LVC SEAf condemns recent criminalisation of traditional seed exchange in Tanzania

LVC SEAf Press Release, Harare

January 16, 2017

The recent reports that Tanzanian farmers would face heavy penalties or a long prison sentence if they continue their traditional seed exchange beyond government prescribed areas does not come as a surprise to La Via Campesina Southern and Eastern Africa (LVC SEAf) and its allies. This confirm our fears and what we have been lobbying against:- Alliance for Green Revolution in Africa (AGRA),[1] the New Alliance for Food Security and Nutrition (NAFSN)[2] and the Common Markets for Eastern and Southern Africa (COMESA)[3] and Southern Africa Development Community (SADC)[4] seed harmonisation regulatory systems. The consultations with the smallholder farmers and their various associations was very limited and done on the last minute following an outcry by the Civil Society Organisations. We highlighted that seed policy harmonisation path to promote commercial seed industry will lead to criminalisation of traditional farmer saved seed systems whose foundation is among things underpin by ability to exchange their seeds without restrictions.

Tanzania is the first country in the region  to taste the waters to see if a mobilisation by the affected will cause widespread social protests, not only there but in other African countries which are signatory to these harmonised systems and also those under the NAFSN. If protests fail to take root, then we will see similar wholesale pronouncements by other governments following the Tanzania footsteps, setting the stage for blanket criminalisation of peasant seed exchange systems.

“Tanzania has taken the lead to criminalise traditional seed exchanges, smallholder farmers and their allies must respond strongly”, said Elizabeth Mpofu a ZIMSOFF farmer leader and La Via Campesina General Coordinator. We will use all avenues open to us including engaging our governments internationally at UN agencies in Rome and Geneva, referring to FAO and UNHRC, she added.

Again, she stressed the need to reach out to the fast growing urban population, the big market and battle ground which big food corporations are trying to capture, through wider awareness campaigns to educate and promote traditional diets. The emerging healthy food movement and the debates around climate change provide ample opportunities and ammunition to build a consciousness against big food corporations. “Everyone wants a clean environment and good food”, says Elizabeth Mpofu. So we will use this to talk to our urban counterparts since our traditional seeds and agroecological farming methods are the only ones which can meet this new demand, she added.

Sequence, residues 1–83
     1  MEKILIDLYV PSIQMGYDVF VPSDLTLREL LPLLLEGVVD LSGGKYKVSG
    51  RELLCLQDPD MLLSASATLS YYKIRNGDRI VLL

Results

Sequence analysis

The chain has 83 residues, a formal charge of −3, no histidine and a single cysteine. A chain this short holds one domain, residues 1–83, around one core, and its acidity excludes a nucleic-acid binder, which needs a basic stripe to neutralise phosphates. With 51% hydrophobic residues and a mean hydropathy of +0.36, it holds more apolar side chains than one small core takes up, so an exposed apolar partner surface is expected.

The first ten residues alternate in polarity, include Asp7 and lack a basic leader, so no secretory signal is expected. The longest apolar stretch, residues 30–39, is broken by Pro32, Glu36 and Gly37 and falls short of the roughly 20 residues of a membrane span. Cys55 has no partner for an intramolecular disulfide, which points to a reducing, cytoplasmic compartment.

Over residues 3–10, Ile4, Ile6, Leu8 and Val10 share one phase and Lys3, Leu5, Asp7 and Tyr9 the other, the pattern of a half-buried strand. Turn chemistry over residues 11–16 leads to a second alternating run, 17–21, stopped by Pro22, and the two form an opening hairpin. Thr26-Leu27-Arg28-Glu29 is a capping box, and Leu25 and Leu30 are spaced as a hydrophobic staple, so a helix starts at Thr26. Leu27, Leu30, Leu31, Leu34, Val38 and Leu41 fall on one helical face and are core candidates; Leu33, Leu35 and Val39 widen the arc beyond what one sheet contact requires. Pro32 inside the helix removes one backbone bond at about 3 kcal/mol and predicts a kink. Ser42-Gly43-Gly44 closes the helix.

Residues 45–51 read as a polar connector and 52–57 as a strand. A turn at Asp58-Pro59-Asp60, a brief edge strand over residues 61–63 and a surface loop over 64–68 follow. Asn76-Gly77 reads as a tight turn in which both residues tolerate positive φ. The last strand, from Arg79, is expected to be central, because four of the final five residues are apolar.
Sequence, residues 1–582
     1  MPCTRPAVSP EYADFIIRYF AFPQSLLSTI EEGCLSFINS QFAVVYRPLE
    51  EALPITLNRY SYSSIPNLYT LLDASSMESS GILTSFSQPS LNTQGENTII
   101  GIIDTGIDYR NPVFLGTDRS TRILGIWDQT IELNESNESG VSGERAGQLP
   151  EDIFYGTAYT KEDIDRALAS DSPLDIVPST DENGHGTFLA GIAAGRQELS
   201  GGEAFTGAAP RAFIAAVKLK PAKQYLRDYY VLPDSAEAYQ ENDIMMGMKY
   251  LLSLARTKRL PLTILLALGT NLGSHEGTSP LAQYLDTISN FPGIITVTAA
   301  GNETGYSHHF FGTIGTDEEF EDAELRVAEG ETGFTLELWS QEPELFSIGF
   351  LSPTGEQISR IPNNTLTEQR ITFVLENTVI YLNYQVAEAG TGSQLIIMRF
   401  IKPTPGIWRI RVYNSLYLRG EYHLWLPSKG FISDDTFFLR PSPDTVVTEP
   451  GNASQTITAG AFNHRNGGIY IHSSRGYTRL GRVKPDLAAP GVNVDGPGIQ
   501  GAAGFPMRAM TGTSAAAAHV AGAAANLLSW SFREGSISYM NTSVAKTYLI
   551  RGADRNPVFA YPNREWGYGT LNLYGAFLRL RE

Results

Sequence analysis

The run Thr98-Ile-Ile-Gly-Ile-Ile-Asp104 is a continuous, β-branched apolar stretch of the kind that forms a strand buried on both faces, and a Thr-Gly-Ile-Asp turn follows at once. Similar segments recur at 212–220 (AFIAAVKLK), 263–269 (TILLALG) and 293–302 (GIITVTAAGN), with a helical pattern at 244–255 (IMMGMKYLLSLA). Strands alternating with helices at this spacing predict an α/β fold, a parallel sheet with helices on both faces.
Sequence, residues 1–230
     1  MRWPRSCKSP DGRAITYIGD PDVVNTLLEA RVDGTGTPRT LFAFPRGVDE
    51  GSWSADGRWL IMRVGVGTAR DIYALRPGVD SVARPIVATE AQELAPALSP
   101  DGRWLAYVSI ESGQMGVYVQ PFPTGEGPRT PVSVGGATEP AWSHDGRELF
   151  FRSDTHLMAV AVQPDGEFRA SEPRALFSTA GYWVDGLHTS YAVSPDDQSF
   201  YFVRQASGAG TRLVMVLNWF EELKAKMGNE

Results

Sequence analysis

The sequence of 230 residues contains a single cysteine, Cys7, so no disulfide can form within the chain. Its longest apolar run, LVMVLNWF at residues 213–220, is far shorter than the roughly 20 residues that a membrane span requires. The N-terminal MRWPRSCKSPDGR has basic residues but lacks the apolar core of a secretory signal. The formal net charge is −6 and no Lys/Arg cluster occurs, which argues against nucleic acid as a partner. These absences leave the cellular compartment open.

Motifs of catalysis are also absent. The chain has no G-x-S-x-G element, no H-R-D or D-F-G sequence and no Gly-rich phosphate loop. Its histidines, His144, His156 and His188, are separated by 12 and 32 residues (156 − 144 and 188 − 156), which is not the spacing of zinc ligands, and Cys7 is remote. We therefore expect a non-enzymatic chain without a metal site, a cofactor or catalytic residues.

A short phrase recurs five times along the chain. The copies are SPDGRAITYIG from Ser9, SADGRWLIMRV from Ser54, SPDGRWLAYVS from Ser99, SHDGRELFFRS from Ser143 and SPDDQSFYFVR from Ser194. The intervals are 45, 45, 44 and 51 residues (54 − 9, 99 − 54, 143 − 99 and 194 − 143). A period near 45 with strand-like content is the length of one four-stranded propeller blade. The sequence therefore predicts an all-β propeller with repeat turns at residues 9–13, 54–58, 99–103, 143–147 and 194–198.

Africa has entered a new phase whereby its investment hungry governments will be accountable to private companies which do not have in mind the interests of the local communities, but the increase of their profits and the expansion of their markets. 

“If one considers all the countries under the COMESA, SADC and NAFSN, that’s over half of the Sub-Sahara Africa, that’s complete penetration and control of smallholders’ seed system from all corners”, said Delmah Ndlovu, ZIMSOFF farmer leader. This is a reality as most of these countries will one day or another start to enforce the reformed seed legislation which favours commercial seed companies. “Tanzania has unlevelled the playing field in favour of big agribusinesses by allowing them free reign and unfettered access to seed markets, while hamstringing the traditional seed exchange by smallholders,” said Ndlovu. There is no choice any more, he added. This contravenes Article 9 of the International Treaty on Plant Genetic Resources for Food and Agriculture (ITPGRFA), also known as “Seed Treaty”, which affirms no law(s) should “limit any rights that farmers have to save, use, exchange and sell farm-saved seed/propagating material”.

By limiting seed exchanges into prescribed areas, Tanzania (and the other governments which will regrettably follow the same path) is going against the freedom of farmers to exchange seed and choose what to grow, a key aspect of building an alternative to industrial food system through food sovereignty. Again, this goes against our culture which promotes family, kin and community ties which are strengthened by such exchanges.

LVC SEAf and its allies will use all avenues open to mobilise against this. In Zimbabwe, ZIMSOFF is reaching out to urban consumers to influence their diet choices. Together with other like-minded farmer’s organisations they organise traditional food and seed fairs in their localities and also participate in similar annual events at the national level. All these are designed to promote wider awareness about the current seed and food issues.

Examples like this should and are being pursued in other African countries. It is of the utmost importance that Africans mobilize to pressure our governments, and other socio-economic actors, towards the safeguarding of Africa’s genetic biodiversity and rich culture and value systems. We must all take sovereignty over decisions that affect our lives!



[1] Pushing for wider use of synthetic fertilisers, improved seeds and agricultural research on seed

[2]The initiative covers 10 African countries and is pushing for reforms of (1) Seed Act and policies to align to International Union for the Protection of New Varieties of Plants (UPOV) 1991 and (2) land tenure policies to allow for private investments

[3] Mainly focusing on Seed Trade

[4]Mainly focusing on Variety Release system based on Distinctness, Uniformity and Stability (DUS)